The Moral Slide of Western Culture Illustrated (Guinness)

 In chapter one of Time for Truth, Os Guinness tells a story that very clearly describes our culture’s moral downhill slide.  It also illustrates the turn from modernity to postmodernity.  Guinness mentions “The Lottery,” a fictional story that the New Yorker published in 1948.  When it did come out in print, there was plenty of moral outrage since the story was about human sacrifice in rural America.  Guinness notes, that the “story’s moral – the dangers of ‘going along’ in blind social conformity – found a passionate response in the generation that had stood up to Hilter.”

Fast forward to the 1970s to 1990s.  A professor in an American college used this story often during her 20+ years of teaching.  She noticed a shift in the way people responded to the story.  For the most part, with a few exceptions, the responses during the 70s and 80s were what you’d expect: moral disagreement with the idea of going along blindly and submitting to human sacrifice.

In the 1990s things changed.  The professor continued to assign the story and discuss it with the class.  However, her students of various ages no longer consistently showed moral outrage at the idea of human sacrifice.  The responses included, “The end was neat,” or “It’s their ritual.”  The professor was stunned after talking to a woman who was passionate about saving whales, had concern for the rainforests, and recently rescued a stray dog.  The woman, however, was unconcerned and unmoved about the idea of a human sacrifice ritual.  The professor later said,

“At one point I gave up.  …No one in the whole class of more than twenty ostensibly intelligent individuals would go out on a limb and take a stand  against human sacrifice.”

Guinness does a fine job of explaining how this story is an example of the culture in which we now live.  He noted that the 11th commandment of today is “thou shalt not judge.”

In such a world, what follows is simple: When nothing can be judged except judgment itself – “judgementalism” – the barriers between the unthinkable, acceptable, and doable collapse entirely.  And then, since life goes on and the sky doesn’t fall, people draw the conclusion that the original concern was unfounded.  Lighten up, the newly amoral say as they skip forward blithely, complicit in their own corruption.

You can find this entire excellent discussion in chapter 1 of Time for Truth by Os Guinness.

Shane Lems
Hammond, WI


Evangelicals, Sexual Revolution, and Roadkill (Guinness)

Impossible People: Christian Courage and the Struggle for the Soul of Civilization by [Guinness, Os] As I’ve said before, Impossible People by Os Guinness is an excellent book in many ways.  One reason I appreciate it is because Guinness calls the church to stand firmly, carefully, and purposefully on the truths and teachings of Scripture.  He laments how some evangelicals have waffled and wavered when it comes to sexuality, gender, marriage, and other similar topics.  What is so clear in Scripture has been abandoned, explained away, or simply ignored by evangelicals trying to keep up with the sexual revolution.  Guinness’ words are helpful:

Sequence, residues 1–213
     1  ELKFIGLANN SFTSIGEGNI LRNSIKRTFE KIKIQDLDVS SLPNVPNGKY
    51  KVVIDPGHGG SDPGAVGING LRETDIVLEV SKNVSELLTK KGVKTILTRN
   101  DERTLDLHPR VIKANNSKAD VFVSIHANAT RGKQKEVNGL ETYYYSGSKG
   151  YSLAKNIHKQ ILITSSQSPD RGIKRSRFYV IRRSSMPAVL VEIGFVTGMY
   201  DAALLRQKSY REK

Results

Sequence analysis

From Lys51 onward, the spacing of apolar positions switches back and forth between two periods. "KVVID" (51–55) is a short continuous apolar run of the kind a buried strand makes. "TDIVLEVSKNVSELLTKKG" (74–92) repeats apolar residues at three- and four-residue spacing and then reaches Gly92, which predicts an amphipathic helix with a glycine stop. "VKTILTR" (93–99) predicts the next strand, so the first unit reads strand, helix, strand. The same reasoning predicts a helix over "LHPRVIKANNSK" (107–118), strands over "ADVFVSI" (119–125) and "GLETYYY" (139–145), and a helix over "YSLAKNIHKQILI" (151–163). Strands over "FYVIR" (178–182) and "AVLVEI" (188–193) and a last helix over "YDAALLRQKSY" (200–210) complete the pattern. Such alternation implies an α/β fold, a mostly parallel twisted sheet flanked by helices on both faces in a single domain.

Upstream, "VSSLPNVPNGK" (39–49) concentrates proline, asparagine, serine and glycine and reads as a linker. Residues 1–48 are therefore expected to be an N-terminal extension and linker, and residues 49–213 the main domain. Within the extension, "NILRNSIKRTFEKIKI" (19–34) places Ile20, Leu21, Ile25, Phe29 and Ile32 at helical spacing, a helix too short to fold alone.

“Today’s evangelical revisionists should take sober note.  Time and again I tremble when I hear or read their flimsy arguments.  They may be lionized by the wider advocates of the sexual revolution for fifteen minutes, because they are siding with that wider culture in undermining the clear teaching of Jesus and the Bible that stands in their way.  For there is no question that Jesus, the Scriptures and Christian tradition all stand resolutely in their way.  But in truth, the sexual revolution has no real interest in such Evangelicals, and they will be left as roadkill as the revolution blitzkrieg gathers speed.  But that is nothing compared with the real tragedy of the revisionists.  It is no light thing for anyone to set themselves above and against the authority of Jesus and his Scriptures.  The apostle Peter betrayed Jesus and was restored, but Judas stands as the warning for all who betray Jesus for their personal, sexual or political interests and condemn themselves for their disloyalty.”

“Both Jesus and the apostle Peter tell us to ‘remember Lot’s wife’ (Lk 17:33), but our Christian revisionists should remember Lot himself.  Having chosen the benefits and privileges of living in the well-watered garden country of Sodom, having married into their social circles and having worked his way up to into the inner leadership of the city, Lot was suddenly confronted by the moment of truth.  He had been utterly naive and deluded in trusting the Sodomites.  When the chips were down, they had no respect for his hospitality, no time for his different moral standards, and they threatened to deal with him as brutally as his guests: ‘This one came in as an alien, and already he is acting like a judge; now we will treat you worse than them’ (Gen 19:9).”